While Seasonal Affective Disorder (SAD) mostly affects people when the days get shorter and colder, about 10% of people with SAD get it during the summer.
According to the Mental Health Association NSW, SAD is a subtype of depression following the seasons of the year and symptoms can include mood fluctuations, insomnia, irritability, lethargy, loss of appetite, withdrawal from social interaction, and feelings of hopelessness.
The exact cause behind SAD is currently unknown but it’s thought to be connected to variations in light exposure affecting the biological clock. Where winter SAD can be attributable to a decrease in light exposure, reverse SAD could be due to an over-exposure of light. Furthermore, people may also be affected by confidence issues with their body image, which is exacerbated during spring and summer as we head outdoors more often.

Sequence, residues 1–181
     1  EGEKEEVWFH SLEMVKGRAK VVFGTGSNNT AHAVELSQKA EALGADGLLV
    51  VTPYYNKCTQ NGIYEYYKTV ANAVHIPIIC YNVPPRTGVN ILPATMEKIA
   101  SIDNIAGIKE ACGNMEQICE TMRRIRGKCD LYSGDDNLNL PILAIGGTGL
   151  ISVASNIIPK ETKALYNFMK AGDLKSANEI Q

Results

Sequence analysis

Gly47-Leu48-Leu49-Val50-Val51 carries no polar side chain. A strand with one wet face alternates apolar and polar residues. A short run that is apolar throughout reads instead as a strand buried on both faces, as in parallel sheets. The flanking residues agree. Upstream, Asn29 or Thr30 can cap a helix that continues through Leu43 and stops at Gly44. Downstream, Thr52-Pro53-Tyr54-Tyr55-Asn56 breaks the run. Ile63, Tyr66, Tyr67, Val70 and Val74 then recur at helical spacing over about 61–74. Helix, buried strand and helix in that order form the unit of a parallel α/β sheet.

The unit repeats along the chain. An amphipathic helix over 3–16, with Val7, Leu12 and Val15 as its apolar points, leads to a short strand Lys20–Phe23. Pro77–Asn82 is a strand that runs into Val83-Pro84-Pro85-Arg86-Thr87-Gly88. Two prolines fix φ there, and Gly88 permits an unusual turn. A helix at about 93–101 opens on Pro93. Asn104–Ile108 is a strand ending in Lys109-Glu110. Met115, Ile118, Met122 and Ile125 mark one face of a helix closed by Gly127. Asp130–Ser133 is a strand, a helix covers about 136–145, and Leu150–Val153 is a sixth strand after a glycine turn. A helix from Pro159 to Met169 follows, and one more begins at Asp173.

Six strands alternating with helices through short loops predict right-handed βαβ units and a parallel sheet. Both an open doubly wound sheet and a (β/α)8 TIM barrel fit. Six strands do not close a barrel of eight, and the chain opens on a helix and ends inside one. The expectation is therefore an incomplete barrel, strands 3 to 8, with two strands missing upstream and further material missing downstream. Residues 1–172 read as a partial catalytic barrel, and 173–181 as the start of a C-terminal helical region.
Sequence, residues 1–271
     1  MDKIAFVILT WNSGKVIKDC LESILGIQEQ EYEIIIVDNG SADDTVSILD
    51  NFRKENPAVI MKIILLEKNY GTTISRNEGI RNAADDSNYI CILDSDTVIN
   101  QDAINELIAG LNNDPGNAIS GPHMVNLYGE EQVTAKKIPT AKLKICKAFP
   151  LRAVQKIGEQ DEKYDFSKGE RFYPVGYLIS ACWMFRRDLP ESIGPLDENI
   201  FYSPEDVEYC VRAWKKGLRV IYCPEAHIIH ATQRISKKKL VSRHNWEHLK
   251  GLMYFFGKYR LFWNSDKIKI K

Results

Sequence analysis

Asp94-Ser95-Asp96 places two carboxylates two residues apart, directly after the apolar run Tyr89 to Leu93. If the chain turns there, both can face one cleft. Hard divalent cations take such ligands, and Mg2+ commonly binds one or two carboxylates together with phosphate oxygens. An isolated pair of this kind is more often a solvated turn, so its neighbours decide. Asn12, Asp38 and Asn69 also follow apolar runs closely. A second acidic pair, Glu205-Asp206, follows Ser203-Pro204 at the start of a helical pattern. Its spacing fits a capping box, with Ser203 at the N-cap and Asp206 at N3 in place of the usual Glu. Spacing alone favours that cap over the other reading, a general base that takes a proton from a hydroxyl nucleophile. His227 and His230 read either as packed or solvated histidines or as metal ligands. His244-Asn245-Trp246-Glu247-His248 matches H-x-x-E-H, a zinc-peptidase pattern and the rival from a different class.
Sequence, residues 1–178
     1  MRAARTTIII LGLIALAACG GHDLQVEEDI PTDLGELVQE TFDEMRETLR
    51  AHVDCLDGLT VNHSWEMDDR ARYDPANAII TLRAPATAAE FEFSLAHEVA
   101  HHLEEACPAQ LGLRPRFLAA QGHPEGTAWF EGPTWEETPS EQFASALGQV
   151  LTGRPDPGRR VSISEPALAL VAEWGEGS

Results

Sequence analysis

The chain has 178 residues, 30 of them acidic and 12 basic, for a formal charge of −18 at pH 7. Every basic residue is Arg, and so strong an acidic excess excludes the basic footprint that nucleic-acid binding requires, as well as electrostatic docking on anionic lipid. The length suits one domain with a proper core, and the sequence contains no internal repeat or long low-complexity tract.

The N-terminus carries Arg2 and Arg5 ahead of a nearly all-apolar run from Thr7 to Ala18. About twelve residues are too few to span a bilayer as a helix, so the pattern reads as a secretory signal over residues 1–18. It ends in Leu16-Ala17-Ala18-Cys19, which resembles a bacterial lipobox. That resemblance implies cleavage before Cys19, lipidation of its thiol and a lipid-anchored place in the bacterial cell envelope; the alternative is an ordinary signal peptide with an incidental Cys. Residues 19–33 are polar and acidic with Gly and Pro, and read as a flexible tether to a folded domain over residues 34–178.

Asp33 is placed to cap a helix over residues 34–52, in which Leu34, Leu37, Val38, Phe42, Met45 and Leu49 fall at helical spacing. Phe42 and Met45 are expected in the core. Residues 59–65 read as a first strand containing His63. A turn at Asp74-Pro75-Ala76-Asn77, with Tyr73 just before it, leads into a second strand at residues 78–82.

There is also a social expectation that we should enjoy the warmer days.
If you’re feeling low this summer and think you’re getting depressed, get help. See your healthcare practitioner or talk to a therapist. While the symptoms may pass when the weather starts to cool, a therapist can help today.
Many studies have also found that regular physical activity can help keep depression at bay. So even if it’s getting too hot for your normal activities, find other ways to stay active and head off summer depression. Start earlier in the morning or later in the evening, when it’s not so hot.
You could also try taking more afternoon naps. Vacations, summer barbecues, the short nights – they can all encourage you to stay up later than usual. But not getting enough sleep is a common trigger for depression. So make a concerted effort to get to bed on time.